“Joram Piatigorsky paints an intimate picture of life growing up in a renowned family with a deep commitment to excellence and achievement, and the accompanying challenges of being a child of such prominent parents. The look into the life of an émigré family in the second half of the 20th century is an important historical artifact of postwar America and Europe. The deep and personal story of Joram’s father’s public and private personae would be of interest to all those who value classical music’s role in society.
Joram’s notion of science as art is the connective tissue in this memoir. I have witnessed over the years the significant ties between music, science, medicine, and the visual arts. There is a magical connection between the two worlds and this lovely memoir brings that out gracefully and at times surprisingly. The Speed of Dark will resonate with musicians, those interested in art, music and history, and those who seek to carve their own path in a world filled with high expectations and seemingly unlimited resources.” - Sel Kardan, President and Chief Executive Officer, Colburn School of Performing Arts, Los Angeles
“The psychology of collecting is a difficult subject for any author, but for one who tries to understand the problems of inheriting a collection, watching collections being formed and creating a collection of one’s own, the difficulties are multiple. Joram Piatigorsky deals with the blessings and responsibilities of the first, describes his parents’ grapple with their own acquistional passions and then, charmingly and thoroughly self-deprecatingly, analyses himself. Very few collectors have been able to adequately express their pangs and joys, feelings that come from the scent, the hunt, the chase and the success – or failure – that collectors’ experience, but he does it and does it with conviction and passion.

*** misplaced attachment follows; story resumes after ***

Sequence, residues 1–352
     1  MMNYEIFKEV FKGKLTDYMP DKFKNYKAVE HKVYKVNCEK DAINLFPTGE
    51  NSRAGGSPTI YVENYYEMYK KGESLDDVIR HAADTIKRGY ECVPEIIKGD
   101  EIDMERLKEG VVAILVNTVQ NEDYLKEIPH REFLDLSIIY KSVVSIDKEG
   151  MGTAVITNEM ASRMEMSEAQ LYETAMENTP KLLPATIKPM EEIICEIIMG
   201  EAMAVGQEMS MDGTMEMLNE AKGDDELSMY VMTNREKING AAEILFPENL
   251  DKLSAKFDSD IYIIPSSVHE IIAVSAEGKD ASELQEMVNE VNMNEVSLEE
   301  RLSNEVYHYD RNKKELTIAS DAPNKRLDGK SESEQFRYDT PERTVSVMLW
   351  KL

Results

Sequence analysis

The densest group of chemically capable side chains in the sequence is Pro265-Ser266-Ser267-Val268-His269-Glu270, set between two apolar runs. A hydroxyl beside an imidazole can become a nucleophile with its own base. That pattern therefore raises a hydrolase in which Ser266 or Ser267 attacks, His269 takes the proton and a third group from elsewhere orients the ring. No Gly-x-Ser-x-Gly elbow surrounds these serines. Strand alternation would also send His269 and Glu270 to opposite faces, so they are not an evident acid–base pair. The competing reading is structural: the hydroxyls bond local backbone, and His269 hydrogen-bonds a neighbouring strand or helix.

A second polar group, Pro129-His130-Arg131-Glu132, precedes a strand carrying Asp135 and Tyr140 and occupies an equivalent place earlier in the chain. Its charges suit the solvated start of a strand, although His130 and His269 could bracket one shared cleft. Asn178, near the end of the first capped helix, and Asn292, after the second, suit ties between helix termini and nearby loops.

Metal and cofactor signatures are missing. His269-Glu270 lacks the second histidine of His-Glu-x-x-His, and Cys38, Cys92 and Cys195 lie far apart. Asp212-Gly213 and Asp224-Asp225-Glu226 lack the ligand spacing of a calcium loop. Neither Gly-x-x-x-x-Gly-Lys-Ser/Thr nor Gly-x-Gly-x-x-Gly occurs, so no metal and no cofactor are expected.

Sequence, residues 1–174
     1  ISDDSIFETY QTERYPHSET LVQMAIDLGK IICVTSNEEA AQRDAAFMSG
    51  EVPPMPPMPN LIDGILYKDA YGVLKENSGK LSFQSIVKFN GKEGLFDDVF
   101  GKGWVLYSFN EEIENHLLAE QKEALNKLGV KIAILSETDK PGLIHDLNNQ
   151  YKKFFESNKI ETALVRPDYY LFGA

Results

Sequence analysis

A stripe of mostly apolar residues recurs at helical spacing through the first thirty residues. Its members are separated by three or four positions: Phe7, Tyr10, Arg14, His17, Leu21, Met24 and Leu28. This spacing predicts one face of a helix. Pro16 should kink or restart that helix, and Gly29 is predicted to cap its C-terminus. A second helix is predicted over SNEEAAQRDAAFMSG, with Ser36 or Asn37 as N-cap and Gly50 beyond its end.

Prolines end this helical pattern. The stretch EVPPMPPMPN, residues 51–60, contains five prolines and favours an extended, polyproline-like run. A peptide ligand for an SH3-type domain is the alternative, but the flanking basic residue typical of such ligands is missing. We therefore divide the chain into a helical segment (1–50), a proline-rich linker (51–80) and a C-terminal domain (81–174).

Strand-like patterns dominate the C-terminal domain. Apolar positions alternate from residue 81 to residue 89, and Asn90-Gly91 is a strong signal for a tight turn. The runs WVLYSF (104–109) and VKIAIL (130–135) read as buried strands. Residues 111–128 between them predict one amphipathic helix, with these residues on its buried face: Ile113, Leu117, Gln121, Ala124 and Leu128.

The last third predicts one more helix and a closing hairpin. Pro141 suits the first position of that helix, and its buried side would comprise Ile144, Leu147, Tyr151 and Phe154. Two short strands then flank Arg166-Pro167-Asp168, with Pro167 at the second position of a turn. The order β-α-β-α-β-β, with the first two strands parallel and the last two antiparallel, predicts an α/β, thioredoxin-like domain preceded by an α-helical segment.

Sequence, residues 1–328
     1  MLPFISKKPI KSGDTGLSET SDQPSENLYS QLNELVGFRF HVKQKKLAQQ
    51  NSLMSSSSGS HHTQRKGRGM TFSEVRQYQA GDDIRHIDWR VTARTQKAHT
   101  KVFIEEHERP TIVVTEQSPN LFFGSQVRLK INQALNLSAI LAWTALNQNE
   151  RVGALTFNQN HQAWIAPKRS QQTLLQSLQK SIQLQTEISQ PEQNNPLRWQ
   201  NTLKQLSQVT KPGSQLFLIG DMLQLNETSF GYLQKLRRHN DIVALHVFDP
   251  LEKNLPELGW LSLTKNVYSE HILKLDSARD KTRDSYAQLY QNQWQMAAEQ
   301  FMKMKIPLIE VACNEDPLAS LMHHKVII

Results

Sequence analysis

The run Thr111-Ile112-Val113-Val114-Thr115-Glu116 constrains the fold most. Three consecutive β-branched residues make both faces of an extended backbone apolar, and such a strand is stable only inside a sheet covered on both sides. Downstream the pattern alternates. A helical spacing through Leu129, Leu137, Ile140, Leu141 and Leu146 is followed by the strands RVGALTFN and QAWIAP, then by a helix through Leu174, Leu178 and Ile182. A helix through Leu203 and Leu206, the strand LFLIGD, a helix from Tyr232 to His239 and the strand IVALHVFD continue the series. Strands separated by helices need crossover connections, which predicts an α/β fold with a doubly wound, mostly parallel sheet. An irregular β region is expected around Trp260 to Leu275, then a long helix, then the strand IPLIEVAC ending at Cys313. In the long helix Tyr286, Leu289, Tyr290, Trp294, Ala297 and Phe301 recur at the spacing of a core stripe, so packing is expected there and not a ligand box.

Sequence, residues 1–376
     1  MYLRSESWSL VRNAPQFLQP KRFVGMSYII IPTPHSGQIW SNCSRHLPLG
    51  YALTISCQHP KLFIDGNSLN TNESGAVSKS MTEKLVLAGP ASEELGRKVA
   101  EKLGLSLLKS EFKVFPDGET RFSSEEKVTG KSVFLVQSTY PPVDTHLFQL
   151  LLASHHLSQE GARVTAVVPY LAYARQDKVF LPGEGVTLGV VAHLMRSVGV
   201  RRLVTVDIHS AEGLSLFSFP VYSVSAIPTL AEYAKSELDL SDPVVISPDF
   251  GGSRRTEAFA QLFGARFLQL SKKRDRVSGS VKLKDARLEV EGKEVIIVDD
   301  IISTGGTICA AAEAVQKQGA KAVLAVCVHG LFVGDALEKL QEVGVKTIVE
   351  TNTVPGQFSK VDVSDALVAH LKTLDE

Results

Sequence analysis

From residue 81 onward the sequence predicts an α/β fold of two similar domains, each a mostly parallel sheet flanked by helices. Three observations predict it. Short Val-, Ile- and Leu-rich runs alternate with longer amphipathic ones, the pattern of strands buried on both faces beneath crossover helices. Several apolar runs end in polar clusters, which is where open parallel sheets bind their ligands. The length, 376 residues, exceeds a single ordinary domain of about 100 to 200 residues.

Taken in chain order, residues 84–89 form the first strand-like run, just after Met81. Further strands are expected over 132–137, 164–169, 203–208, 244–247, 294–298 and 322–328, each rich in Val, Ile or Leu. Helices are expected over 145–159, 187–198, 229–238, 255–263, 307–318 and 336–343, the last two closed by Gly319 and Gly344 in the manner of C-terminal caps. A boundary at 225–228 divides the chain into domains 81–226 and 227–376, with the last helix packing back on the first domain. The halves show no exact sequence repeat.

“The scientific and thoroughly detached elements of Piatigorsky’s working life should qualify him fully to be able to write dispassionately about the art he himself collects, of the Inuit tribes of northern America. The clear and elegant prose on the theme of collecting reveals a dedication and self-understanding that is rare.” - Michael Hall, PhD, Curator of Ceramics, the Capelain Collection, and Curator of the Rothschild family collections, Exbury Estate, Hampshire, Great Britain